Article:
What is it that you’re making?
I’m making a performative experience – something that is alive and something that moves. I make work that’s alive and has breath in it. Sometimes it’s just myself and other times I work with dancers and movement artists. I am interested in the moment. What’s happening on stage is influenced by what’s going on psychically for me when I make the work.
Having just graduated from your MA in Performance Design and Practice at Central Saint Martins, do you feel the course was helpful for you?
Yes. Absolutely. Prior to going to Central Saint Martins I had not really collaborated, with anyone. I’d worked with people but that’s different from collaborating. Being able to collaborate is being able to share ideas and make something together rather than tell people what to do. The biggest lesson I learnt from collaborating at CSM was that sometimes you have to let your ideas go. You may think your idea is the best but, as a collective, if everyone decides it’s not working: let it go. For me that was a very humbling experience because at times as artists we can become attached to our own ego(s). I had difficulties with my classmates because I come from a place of doing. Let’s not talk about it, let’s do it. The majority of my classmates came from a place of talking about work. And I had a problem with that. I don’t really want to talk about anything. Can we just try it and then, if it doesn’t work let’s try something else. I was constantly butting heads and that, for me, was challenging. I’m an assertive person but I’m not interested in conflict. When I was not able to choose the people I collaborated with I was not proud of the work. It was only when I was able to choose my collaborators that I would feel that we were all coming from a place of respect.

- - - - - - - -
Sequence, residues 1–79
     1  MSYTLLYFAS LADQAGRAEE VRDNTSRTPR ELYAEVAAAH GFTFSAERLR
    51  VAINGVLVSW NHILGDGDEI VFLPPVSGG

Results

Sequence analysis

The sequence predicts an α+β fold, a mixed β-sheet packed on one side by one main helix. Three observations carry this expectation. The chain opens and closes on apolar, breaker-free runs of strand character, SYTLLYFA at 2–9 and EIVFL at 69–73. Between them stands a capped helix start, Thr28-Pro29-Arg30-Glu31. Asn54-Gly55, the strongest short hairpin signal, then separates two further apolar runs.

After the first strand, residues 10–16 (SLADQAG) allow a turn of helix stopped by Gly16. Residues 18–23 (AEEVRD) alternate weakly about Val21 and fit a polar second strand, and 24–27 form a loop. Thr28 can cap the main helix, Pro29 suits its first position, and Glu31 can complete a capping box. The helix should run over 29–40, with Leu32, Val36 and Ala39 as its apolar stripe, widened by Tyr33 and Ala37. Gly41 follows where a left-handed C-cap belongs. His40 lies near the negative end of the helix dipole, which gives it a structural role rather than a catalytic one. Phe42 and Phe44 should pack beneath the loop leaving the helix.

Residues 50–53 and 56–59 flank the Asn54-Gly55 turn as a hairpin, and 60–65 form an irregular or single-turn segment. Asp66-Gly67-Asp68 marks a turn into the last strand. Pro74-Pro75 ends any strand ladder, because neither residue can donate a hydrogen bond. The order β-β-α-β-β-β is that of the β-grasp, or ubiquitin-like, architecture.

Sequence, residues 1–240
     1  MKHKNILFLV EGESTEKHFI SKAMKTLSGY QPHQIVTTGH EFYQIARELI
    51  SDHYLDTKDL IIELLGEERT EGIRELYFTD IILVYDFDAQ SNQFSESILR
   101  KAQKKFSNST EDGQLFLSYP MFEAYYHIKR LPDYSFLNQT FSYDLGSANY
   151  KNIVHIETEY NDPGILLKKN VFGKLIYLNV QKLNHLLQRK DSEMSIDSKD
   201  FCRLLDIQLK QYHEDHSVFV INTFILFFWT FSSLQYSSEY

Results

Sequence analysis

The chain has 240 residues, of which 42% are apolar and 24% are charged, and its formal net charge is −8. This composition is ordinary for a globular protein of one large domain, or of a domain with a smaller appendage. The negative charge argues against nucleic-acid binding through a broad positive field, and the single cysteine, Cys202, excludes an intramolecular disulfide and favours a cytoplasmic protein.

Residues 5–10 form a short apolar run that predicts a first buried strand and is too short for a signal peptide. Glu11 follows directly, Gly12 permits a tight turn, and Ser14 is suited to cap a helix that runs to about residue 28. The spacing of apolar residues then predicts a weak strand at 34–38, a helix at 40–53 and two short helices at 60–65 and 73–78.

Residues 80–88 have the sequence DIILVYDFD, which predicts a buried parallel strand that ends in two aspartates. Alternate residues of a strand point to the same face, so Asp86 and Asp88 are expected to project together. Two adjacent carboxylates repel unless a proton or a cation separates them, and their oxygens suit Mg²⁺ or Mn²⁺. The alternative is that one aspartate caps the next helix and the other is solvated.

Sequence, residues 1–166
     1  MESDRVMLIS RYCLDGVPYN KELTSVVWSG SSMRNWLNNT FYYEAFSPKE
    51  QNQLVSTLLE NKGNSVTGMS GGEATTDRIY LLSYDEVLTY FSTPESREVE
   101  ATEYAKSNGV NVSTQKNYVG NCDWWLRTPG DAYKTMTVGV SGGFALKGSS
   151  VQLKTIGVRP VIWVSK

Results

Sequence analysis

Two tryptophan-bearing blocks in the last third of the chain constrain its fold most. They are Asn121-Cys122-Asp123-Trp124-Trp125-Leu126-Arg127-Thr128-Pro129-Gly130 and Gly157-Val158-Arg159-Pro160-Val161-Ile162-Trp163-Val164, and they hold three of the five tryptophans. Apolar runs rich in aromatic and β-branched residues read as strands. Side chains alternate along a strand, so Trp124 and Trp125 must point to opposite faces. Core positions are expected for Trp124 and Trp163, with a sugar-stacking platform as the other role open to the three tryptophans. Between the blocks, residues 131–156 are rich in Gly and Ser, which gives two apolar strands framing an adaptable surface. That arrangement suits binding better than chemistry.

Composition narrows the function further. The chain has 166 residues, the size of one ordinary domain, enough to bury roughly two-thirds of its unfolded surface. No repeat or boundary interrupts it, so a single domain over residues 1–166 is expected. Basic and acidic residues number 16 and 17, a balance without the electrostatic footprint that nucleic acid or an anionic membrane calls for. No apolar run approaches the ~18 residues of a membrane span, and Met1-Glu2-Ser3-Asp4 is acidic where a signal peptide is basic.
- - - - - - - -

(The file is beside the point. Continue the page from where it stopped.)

“THE BIGGEST LESSON I LEARNT FROM COLLABORATING AT CSM WAS THAT SOMETIMES YOU HAVE TO LET YOUR IDEAS GO.”
What would be the ideal space for the presentation of your work?
At the fucking Barbican. I saw Trajal Harrell, he’s an artist from New York, at the Barbican. It was a performance-based exhibition. His performance was great. I was inspired by his work. The space was fantastic, the levels. The idea of doing durational work… I’m interested in using multiple medias, to tell a story. I’m not interested in a frontal experience. You know, maybe a video behind; maybe some clothes; maybe a mannequin with a particular outfit; maybe some text… I am interested in the best way to tell a story. If the story is best sung, let’s sing it. If the story is best danced, let’s dance it. If the story is best shown on a video, let’s show it on a video.
When is the work happening?
The work has already happened. My intention is not to make something new. My intention is to make something that I know. I take the past and I bring it into the present. Hence, I do a lot of autobiographical work. It’s the idea that drives the whole thing. For me the idea is the meat. The performance is just the rice and salad.
“FOR ME THE IDEA IS THE MEAT. THE PERFORMANCE IS JUST THE RICE AND SALAD.”
What excites you in your daily life?
I’ve started gardening with a group of old ladies in Richmond. It is fantastic! I have exhilarating conversations with these women who are completely different from me. When I’m gardening I’m thinking about what I’m going to make next or, what am I going to do in San Francisco at my upcoming residency. Gardening gives me that space to think about the trajectory of my life and where I want to go without it being an anxiety-driven task. I started gardening because I was listening to Women’s Hour and they were saying that it is a way of improving your wellbeing so I thought, I’ll do it.